Considering conventional wisdom as Manchester United cruise to another victory

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In this week’s gap between Champions League and the weekend’s league action, the debate resurfaced: How bad are Manchester United?

The discussion’s been a constant in recent years, reaching an apex last season when the Red Devils failed to make it out of their Champions League group. That the Red Devils still nearly won the Premier League was little consolation when their May collapse gifted the title to their crosstown rivals.

It’s a strange discussion given Manchester United’s obvious quality and successes, but when you watch matches like today’s against Queens Park Rangers, you see the point. The Red Devils cruised to a 2-0 victory thanks to an early goal from Rafael and an insurance tally from Ryan Giggs, but given how poor QPR was throughout the match, you’d expect a team of United’s reputation to put them to the proverbial sword. Instead, it was just another day at the office for the mercurial titans.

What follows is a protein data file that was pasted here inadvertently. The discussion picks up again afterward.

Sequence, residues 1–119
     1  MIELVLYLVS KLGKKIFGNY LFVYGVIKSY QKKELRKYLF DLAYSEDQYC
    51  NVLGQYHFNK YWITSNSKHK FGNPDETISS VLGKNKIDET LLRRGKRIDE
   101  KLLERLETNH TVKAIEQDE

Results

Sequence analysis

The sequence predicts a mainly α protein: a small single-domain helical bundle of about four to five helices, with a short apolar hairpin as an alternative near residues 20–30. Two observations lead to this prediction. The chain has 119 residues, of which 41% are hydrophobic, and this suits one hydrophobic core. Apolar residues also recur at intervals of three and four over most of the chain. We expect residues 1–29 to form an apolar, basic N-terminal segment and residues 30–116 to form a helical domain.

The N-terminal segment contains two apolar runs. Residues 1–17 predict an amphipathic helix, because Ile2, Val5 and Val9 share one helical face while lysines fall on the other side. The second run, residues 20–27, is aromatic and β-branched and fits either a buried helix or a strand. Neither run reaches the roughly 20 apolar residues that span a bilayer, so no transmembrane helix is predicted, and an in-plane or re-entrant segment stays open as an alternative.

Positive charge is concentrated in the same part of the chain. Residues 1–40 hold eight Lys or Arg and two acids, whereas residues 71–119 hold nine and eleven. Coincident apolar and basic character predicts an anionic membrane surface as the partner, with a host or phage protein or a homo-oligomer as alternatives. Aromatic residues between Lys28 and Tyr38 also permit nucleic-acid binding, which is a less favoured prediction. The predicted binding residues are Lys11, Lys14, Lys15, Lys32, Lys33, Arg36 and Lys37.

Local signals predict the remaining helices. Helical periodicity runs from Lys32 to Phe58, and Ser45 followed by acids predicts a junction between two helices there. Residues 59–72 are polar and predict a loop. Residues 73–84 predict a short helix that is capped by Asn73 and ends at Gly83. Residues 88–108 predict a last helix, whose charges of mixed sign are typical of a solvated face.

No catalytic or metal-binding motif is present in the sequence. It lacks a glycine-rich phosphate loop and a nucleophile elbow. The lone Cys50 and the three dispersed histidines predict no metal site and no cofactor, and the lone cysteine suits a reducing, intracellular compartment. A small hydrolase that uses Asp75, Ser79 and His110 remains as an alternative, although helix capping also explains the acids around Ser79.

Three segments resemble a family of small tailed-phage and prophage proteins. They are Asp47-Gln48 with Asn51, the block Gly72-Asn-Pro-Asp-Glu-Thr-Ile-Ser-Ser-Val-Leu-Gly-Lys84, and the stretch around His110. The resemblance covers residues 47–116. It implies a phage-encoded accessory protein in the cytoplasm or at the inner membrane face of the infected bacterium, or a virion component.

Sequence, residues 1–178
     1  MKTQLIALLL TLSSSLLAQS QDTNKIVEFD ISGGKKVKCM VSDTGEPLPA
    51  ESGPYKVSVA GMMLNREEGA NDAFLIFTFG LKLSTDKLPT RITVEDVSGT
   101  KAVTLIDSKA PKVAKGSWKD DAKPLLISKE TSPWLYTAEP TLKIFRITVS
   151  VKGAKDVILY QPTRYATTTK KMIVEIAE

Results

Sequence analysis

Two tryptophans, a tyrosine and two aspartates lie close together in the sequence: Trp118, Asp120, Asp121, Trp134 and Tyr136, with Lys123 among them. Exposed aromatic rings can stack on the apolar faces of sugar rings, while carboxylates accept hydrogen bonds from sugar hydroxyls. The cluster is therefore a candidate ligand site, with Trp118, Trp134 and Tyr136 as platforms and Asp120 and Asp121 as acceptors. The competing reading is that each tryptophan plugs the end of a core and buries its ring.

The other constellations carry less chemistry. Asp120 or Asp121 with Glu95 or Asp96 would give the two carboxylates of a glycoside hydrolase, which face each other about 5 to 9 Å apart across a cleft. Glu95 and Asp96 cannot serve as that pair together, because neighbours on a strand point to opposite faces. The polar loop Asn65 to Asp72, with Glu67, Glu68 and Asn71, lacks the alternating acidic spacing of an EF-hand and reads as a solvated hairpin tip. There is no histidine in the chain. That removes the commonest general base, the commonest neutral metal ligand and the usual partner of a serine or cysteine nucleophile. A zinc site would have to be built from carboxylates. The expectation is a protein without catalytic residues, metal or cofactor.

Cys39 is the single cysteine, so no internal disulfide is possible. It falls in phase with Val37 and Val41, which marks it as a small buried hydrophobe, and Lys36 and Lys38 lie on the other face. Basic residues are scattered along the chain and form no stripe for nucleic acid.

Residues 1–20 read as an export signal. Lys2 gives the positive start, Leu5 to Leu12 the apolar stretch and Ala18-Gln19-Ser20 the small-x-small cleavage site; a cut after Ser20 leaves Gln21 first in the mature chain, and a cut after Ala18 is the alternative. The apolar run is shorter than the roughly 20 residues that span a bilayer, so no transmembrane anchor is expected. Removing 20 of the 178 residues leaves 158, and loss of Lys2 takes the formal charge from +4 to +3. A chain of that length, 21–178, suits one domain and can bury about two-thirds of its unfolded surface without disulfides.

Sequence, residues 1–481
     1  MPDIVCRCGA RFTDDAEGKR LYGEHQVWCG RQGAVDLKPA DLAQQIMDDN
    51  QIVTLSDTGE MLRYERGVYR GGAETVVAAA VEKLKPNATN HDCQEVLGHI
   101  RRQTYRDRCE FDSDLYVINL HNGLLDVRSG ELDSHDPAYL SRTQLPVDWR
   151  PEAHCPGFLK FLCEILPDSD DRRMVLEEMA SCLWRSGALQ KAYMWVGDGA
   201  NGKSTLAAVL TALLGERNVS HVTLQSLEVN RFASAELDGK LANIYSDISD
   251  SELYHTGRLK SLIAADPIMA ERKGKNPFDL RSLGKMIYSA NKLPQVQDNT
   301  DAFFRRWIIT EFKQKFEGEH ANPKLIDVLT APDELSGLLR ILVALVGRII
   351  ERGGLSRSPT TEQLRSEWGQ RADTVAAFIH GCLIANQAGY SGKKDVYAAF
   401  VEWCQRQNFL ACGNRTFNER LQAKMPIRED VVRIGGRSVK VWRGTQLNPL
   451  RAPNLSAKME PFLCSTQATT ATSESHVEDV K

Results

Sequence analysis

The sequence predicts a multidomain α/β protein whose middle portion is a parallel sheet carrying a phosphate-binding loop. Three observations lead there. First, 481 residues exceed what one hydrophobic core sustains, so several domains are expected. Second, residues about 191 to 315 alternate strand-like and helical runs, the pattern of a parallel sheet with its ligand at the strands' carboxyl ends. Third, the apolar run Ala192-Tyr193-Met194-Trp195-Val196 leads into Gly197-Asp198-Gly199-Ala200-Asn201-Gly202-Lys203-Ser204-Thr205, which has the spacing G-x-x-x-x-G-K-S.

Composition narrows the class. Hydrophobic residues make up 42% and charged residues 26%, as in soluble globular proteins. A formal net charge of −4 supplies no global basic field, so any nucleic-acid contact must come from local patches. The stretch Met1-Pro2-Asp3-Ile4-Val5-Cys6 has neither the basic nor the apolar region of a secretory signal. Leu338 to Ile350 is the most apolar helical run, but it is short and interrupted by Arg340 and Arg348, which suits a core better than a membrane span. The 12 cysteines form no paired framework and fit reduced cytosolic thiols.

The curious thing about this round of  discussion is United’s recent results. After a fall where their defense seemed as weak as a severed Achilles, United’s only three goals in their last six games. That stretch includes a surprise draw at the Santiago Bernabeu, where the Red Devils held Real Madrid to one goal.

This is a team that hasn’t lost since Dec. 15. Even if the dissection is apt in general, it’s still ill-timed now.

(MORE: This is a spectacular hit from Rafael.)

The complaints seems to have two foundations, neither independent of the other. First, United generally looks unimpressive, as they did today. Against a QPR team playing that badly, an elite team should put up a number. Second, United’s midfield is not as strong as other European powers. In an era of midfield primacy (at least, as far as tactical analysis is concerned), this is a capital offense.

From the linked piece: